codecept run unit T1_UserConstructorTest

You should see this:

OK (3 tests, 11 assertions)

As we said earlier, rather than adding the code to the _before() function, you could add it to a _bootstrap.php file. You'd add this to the unit.suite.yml file:

    bootstrap: _bootstrap.php

(or this for later versions of Codeception):

bootstrap: _bootstrap.php

Then you could add the require_once statement to the _build/tests/unit/_bootstrap.php file (creating it if necessary) and add the require_once line to that file. Since you're likely to have other tests that don't need the User1 class file, it makes more sense to put the line in the _before() method.

You should already have the _build/tests/unit/_bootstrap.php file, if you've been following this series. If it's there, verify that it contains an opening PHP tag and the following lines (correct the paths). If not, create it and add the PHP tag and these lines:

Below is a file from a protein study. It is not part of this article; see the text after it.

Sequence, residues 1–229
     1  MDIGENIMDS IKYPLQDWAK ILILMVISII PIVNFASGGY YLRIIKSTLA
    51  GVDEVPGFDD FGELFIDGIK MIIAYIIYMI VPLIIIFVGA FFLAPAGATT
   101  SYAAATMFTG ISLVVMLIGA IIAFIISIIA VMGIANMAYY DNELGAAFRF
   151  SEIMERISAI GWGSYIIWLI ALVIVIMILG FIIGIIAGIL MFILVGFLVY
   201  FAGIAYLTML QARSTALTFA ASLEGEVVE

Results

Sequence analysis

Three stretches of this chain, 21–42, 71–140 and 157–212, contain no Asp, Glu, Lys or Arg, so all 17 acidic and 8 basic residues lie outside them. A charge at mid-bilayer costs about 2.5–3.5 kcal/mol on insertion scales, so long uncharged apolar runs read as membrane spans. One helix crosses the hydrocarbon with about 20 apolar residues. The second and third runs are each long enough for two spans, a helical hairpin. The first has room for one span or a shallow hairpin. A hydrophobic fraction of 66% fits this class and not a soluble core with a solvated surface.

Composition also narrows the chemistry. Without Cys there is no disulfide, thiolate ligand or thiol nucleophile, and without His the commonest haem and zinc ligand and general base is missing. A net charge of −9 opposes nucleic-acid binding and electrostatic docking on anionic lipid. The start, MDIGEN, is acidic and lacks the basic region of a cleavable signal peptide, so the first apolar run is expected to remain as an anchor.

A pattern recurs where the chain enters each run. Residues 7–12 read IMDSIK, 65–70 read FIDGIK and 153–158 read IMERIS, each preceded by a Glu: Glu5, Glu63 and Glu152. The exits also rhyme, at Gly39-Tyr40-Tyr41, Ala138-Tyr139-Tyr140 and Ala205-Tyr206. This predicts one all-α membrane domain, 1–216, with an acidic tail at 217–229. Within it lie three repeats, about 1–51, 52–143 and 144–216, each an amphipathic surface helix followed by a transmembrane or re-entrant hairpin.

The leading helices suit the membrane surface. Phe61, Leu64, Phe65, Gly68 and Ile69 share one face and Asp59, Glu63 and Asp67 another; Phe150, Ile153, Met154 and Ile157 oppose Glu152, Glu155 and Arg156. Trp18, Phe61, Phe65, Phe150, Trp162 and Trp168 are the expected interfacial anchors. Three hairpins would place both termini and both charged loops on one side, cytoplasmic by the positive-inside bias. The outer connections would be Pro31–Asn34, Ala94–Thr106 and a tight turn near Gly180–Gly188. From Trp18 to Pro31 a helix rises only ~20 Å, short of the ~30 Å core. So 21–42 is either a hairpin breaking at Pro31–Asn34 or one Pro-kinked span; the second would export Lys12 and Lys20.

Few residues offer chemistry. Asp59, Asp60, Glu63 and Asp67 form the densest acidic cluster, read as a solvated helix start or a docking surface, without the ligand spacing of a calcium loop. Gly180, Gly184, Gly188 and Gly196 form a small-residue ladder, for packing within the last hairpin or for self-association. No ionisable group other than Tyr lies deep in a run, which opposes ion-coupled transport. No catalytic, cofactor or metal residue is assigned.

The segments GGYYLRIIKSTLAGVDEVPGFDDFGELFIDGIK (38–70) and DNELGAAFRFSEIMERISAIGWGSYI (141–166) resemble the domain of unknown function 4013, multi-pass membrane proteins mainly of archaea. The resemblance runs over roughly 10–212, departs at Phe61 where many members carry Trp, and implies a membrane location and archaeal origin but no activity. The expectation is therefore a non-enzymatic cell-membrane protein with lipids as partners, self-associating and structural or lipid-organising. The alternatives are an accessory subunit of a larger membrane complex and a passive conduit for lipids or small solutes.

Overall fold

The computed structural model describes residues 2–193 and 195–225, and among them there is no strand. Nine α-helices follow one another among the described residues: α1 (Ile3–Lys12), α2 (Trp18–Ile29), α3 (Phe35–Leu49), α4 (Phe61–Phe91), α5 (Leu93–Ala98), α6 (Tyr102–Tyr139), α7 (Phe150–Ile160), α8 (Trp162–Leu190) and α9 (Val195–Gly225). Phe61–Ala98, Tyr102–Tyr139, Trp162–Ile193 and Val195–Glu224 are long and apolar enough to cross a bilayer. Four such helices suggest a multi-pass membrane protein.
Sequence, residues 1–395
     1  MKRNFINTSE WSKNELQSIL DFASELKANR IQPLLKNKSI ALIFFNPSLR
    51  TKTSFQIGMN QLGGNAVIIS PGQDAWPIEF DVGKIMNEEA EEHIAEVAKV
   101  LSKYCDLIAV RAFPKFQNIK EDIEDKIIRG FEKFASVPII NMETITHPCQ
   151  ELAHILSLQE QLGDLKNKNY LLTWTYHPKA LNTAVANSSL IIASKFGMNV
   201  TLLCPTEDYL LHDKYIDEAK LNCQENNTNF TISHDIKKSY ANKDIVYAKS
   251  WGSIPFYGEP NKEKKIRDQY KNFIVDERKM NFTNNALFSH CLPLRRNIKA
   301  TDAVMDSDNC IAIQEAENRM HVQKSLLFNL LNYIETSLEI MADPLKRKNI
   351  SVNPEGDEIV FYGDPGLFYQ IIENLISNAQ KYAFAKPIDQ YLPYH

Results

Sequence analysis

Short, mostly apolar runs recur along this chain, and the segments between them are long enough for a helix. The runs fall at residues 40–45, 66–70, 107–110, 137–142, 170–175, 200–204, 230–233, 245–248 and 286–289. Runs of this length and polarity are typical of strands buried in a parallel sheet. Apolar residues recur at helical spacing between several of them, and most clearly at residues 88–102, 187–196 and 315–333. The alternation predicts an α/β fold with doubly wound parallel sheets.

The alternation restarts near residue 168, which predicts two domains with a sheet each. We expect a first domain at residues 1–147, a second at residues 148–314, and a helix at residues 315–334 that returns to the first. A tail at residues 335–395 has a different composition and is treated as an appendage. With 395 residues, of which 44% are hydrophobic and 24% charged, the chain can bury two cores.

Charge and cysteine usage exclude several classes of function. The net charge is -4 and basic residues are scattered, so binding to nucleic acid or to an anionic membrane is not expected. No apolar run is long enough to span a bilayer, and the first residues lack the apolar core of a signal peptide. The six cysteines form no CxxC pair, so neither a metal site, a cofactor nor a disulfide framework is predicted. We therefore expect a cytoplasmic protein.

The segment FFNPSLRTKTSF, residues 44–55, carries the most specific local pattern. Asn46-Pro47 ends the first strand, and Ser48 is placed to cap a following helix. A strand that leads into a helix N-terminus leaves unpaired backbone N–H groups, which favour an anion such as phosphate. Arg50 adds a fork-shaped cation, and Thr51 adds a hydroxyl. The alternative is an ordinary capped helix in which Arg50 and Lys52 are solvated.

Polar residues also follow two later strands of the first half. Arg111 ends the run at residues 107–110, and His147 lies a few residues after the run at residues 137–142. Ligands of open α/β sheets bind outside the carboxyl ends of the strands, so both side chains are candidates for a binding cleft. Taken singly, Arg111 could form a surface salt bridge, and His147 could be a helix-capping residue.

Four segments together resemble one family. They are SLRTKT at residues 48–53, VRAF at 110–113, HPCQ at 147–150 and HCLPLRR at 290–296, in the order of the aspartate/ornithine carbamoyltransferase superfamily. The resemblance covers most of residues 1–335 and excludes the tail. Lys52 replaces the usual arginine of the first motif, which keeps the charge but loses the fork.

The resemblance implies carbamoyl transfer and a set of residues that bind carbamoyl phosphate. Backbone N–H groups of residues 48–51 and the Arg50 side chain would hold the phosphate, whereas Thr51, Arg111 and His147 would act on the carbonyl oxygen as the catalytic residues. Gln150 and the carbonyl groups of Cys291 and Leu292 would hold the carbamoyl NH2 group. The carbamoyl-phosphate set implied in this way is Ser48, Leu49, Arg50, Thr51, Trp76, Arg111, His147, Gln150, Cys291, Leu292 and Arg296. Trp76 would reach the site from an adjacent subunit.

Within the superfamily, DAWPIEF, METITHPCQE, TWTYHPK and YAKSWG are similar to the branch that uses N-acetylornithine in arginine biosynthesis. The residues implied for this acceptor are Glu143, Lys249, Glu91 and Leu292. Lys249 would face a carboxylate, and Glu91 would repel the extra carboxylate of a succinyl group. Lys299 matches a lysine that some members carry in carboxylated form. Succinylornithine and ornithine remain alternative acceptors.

require_once 'c:/xampp/htdocs/addons/vendor/autoload.php';
require_once 'c:/xampp/htdocs/addons/vendor/phpunit/phpunit/src/Framework/Assert/Functions.php';

These includes will be necessary for all our tests, so it's more convenient to load them in the _bootstrap.php file rather than having to remember to include them in the _before() method of every test.

Running Tests from the Command Line

Use the command-line method for running tests. It should run reliably for our early examples with no configuration necessary beyond the default files generated by Codeception. Later, you can try running the tests from inside your code editor if it supports that feature. Some people run all their tests from the command line.

Important: To run any Codeception tests from the command line without having to specify the location of the configuration file, you must be in the directory directly above the tests directory (_build in our example). To run or debug tests inside PhpStorm, you must specify that _build directory (with no final slash) as the "Custom working directory" in the Run/Debug configuration (more on this in the following article).